The Jews in the first century were under the occupation of Rome. They were monotheistic and worshiped their ancient God, Yahweh, rejecting the pantheon of gods of the Gentile world. Idolatry was a great offense to the Jews and they considered any sculpted images, whether of deities or natural beings, to be idols. The Gentiles were quite fond of art, especially sculptures, and decorated their cities with the statues and paintings of, not only created things, but also the divine beings whom they worshiped. The presence of Gentile craven images in Jewish cities was a source of great friction between them.
While there were Jews in the diaspora who had learned to live quite comfortably under the empire, most lived in Jewish communities that made concerted efforts to separate themselves from their barbarian counterparts. They did not take part in Roman life. They did not wear the same clothes, shave their beards, worship Roman gods, or enter into Roman houses. Doing so would make them “unclean,” meaning that they could not continue with their usual worship habits until they were ritually cleansed again, according to their Mosaic laws.
The Jews believe that the Romans were making their cities unclean just by living there and different sects of Judaism had different solutions for this problem. The Zealots concluded that the answer was to wage war against their occupiers, and would regularly commit assassinations by hiding daggers in their clothing and attacking individual soldiers and officials who were in large crowds in public spaces, slipping away in the chaos that ensued. Others, like the Sadducees, believed that they could partner with the empire and negotiate a better life under the umbrella of their safety. In Jesus day, they controlled the priesthood and most of the political affairs. They were more open to Hellenistic influence than most of the other sects*5. The Pharisees were vocal in their dissent of any Gentile occupation and sometimes resorted to outbursts of violence. They managed the synagogue life *6 and were the leaders of middle and lower class peasant Jews. The Essenes, while holding views similar to those of the Pharisees, separated themselves altogether by moving into the wilderness to practice their religion unabated. Almost all believed that one day they would be free of their oppressors and would have their own nation where Yahweh would finally rule, the questions was whether to wage war themselves or wait for God to accomplish it.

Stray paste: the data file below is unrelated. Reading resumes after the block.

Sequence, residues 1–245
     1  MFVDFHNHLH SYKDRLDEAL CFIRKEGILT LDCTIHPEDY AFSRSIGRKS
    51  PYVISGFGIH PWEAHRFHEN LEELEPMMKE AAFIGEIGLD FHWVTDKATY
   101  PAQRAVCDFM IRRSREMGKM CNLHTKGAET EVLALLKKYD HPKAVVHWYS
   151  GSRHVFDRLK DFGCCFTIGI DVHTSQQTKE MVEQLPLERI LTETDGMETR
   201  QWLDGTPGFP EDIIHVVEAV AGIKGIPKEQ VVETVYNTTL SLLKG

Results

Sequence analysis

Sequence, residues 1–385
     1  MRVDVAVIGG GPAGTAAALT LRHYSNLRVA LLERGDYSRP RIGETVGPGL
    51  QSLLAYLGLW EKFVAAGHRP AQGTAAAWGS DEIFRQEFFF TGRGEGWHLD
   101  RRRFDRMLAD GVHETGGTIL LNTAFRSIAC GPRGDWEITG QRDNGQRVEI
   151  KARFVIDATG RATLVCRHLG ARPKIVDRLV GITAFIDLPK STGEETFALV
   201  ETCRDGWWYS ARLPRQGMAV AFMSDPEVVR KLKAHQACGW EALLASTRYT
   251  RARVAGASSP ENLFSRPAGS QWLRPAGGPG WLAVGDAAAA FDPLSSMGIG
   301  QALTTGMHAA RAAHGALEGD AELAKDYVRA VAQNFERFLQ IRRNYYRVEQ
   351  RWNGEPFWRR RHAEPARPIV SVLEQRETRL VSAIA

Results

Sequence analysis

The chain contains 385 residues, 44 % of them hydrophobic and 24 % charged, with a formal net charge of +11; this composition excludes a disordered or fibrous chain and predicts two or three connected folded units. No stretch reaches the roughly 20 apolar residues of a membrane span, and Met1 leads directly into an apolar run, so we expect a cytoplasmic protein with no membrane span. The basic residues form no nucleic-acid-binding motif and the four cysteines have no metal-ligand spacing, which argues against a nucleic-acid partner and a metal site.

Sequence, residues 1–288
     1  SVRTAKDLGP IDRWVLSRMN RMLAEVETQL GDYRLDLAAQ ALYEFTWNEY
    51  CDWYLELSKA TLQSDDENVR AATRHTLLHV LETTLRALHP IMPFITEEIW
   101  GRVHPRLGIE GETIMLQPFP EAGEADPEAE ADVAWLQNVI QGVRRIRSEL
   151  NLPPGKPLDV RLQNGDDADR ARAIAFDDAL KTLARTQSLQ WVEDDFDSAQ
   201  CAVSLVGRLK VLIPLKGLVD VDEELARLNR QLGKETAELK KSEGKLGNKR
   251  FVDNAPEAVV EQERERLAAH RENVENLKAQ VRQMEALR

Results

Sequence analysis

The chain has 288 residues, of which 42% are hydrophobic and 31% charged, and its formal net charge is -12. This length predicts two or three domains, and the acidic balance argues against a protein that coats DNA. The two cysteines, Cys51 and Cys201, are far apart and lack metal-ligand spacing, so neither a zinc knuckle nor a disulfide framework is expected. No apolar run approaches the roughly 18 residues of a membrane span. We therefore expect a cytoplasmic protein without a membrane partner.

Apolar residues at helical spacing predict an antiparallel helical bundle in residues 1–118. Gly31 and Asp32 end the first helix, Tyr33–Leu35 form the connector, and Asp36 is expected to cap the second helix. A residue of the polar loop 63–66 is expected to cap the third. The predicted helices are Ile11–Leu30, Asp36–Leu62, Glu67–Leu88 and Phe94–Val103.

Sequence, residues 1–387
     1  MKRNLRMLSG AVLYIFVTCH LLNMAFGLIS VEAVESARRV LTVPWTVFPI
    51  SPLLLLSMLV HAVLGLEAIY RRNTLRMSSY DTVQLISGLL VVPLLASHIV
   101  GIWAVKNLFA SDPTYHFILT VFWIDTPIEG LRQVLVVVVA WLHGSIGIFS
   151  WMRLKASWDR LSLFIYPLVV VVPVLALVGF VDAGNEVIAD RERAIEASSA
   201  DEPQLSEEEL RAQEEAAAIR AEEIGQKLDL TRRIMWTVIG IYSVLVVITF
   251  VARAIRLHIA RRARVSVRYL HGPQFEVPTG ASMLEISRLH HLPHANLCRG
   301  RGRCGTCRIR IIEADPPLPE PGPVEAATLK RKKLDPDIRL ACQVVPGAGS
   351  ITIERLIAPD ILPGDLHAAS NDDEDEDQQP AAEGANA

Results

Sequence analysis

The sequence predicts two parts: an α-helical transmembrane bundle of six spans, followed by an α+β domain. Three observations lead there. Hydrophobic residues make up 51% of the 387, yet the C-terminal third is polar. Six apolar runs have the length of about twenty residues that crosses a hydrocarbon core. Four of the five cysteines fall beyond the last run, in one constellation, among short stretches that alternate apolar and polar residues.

Outside of those four main sects of 1st century Judaism was several smaller sects that are lesser known but do offer some significant to NT context. Among them are the Herodians who were supporters of the pro-Roman Herod dynasty*7, and the Am-ha-Eretz, or, “the people of the land” who were mostly poor farmers who were against Roman rule and supported the Pharisees.
In addition to these sects, there was a group called the Samaritans, an off-shoot of the Jews who remained around Schechem when the northern kingdom of Israel was destroyed. They revised the Hebrew scriptures to argue their own place in Israel’s story and built a rival temple on Mount Gerizim that could be seen from Schechem. They were rejected by the Jewish leaders as discredited and there were significant hostilities between the two.
* Barclay, William. The Letters to the Galatians and Ephesians. 3rd ed. edition. Louisville: Westminster John Knox Press, 2002. p. 202
** Burge, Gary. The New Testament in Antiquity: A Survey of the New Testament within Its Cultural Context. Zondervan; unknown edition (February 2, 2009), n.d. p.91
*** Ibid. p.90
*4) Ibid. p. 87-88
*5) Strauss, Mark L. Four Portraits, One Jesus: A Survey of Jesus and the Gospels. 3.2.2007 edition. Grand Rapids, Mich: Zondervan, 2007. p.131
*6) Ibid. p. 132
*7) Ibid. p. 132